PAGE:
New kid on the block

Mar 10, 2024

Reflections from a new principal on unexpected challenges, uncharted opportunities, and what it really takes to earn the title.

It’s been a long time since this much felt uncharted, but that’s what it’s like to be a new principal. A reality check has come with each step up the ladder. Each rung has come with the realization that there is so much more to this than I truly understood. There is no direction, there is no prescription, there are very real consequences and risks, and I better be rock solid in why I am here in the first place.

My role requires a healthy amount of driving. We are in Texas after all, and it is a big state. On one long drive, a young employee asked me if I always knew I wanted to be a principal. Without hesitation I said, “Oh no, absolutely not.” The answer came quickly, followed by the next obvious question I hadn’t really thought about: “So, why are you a principal?”

There had never been an interior designer in any position above associate at my firm, at least not during my 15-year tenure. If I had ever considered it before, I hadn’t given it much space to be a real possibility. When it started coming up in serious conversations, I let myself go there and start to want it. Business is ever evolving, and this was accelerated by the pandemic. As a result, the promotion kept getting pushed off. Without registering it, the title had become this thing to me. I began to unconsciously shift my focus with the goal of obtaining this achievement of being a principal.

In hindsight, I can see that wasn’t very helpful.

Sometimes I think back to my first annual review at my firm with the CEO, who is still my mentor today. He asked how I was liking the job and I rambled on for who knows how long, elated about the wonderful role interior design has in positively impacting the lives of people in very human spaces like healthcare and education. I lost myself in the answer. He just smiled and very sincerely said, “Don’t ever lose that passion.” I couldn’t conceive of losing that passion, but his moment of pure sincerity made me take note.

I thought back to my mentor’s wise words in the car with the young employee. I never wanted to be partner, but it was clear to me then that my position had come from nothing more than passion for my work. I had such a clear vision of how interior design makes an incredible impact on our projects and I wanted to inject that into more projects across our firm. I did whatever it took to make that happen. As a byproduct of that, I became valuable to the firm and seized opportunities to create and expand a group of like-minded designers who share the same passion. As a result, I now get to lead an entire firm that shares the passion of designing projects that make a difference.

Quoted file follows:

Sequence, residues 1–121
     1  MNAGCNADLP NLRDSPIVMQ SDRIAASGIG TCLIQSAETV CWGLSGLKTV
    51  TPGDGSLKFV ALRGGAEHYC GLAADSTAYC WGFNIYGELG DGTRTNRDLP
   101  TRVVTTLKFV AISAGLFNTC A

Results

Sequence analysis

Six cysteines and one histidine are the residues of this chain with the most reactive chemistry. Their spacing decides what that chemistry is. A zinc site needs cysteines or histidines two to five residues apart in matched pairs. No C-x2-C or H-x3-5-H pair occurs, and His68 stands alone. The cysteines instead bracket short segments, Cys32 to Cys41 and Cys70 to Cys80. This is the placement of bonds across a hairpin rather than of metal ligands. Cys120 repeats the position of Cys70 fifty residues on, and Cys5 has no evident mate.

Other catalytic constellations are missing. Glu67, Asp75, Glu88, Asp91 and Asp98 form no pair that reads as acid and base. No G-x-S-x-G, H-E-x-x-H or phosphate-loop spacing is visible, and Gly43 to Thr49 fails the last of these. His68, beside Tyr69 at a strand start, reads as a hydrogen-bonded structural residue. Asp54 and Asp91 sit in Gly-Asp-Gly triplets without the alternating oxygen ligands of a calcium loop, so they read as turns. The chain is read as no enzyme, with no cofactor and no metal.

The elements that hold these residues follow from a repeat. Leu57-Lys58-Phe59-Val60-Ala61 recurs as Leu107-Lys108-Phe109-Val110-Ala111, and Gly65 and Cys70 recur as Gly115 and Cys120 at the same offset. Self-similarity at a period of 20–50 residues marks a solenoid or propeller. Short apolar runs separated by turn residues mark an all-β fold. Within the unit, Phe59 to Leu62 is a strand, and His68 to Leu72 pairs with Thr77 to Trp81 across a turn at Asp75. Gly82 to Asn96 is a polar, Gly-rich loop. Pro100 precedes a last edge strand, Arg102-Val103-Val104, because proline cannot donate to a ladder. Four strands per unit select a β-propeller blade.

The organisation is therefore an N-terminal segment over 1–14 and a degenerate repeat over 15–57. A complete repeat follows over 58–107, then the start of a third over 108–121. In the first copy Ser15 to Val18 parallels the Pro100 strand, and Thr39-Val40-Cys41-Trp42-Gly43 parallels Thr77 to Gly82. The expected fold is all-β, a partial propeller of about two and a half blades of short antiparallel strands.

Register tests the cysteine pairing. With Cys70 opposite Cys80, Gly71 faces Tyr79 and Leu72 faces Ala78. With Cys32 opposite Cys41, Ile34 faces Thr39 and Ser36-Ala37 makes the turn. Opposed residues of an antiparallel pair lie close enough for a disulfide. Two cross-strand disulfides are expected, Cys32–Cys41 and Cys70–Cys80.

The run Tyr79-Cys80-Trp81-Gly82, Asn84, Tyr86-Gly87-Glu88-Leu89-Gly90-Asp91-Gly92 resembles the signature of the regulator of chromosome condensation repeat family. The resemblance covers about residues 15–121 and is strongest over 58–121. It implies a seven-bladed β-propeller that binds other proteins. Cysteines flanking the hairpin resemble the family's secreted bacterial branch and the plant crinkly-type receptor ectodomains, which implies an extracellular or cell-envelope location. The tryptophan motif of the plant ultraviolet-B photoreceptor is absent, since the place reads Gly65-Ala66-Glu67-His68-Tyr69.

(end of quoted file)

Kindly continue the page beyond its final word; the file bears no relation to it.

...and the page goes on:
Looking back, I realize I lost that focus on my passion. I took my eye off the ball. I wish I had kept asking myself why I wanted to be a principal. If I had, I think I would have been more focused on building that new role. Instead I unknowingly began to create this narrative that making partner would solve all the other hurdles and issues I was facing. I thought if I became a principal, interior design and, by extension, I would be treated with instant dignity and respect. Of course, making partner did not change the cultural landscape of our industry, and people are still complex beings who require consistent leadership to garner respect. If I had stayed focused on my passion and reason for going where I was headed, I believe I would have been far better off.

There was no role to mimic or follow in my discipline. I had, and still have, the privilege, trust, and daunting task of making it up as I go. I am discovering and shaping what my new role looks like every day. A bit of pre-planning could have brought some clarity, but it’s hard work to shift from a doer to a business development-focused leader. The goals are less concrete.

I struggle with where I go next some days. I am in the middle of the unknown. Daily wins look different now. The measured success of a great business development meeting just doesn’t feel the same as a successful project presentation. I miss the direct and real-time client feedback that assures me we did a good job or we’re at least going in the right direction. There are spots of light in the forest and I’m grateful it hasn’t been easy. Retirement is a long way away and I’m not good at being bored.

If you’re a new principal, don’t be afraid to reach out to your peer partners for help and advice. They’ve been where you are, and they want to see you and your firm succeed. For any principal reading this, new or tenured, I’d be open to hearing your experience or advice. This has been a learning process, and I’m still learning. 

Jayna Duke is a principal and director of interior design at O’Connell Robertson. Contact her at

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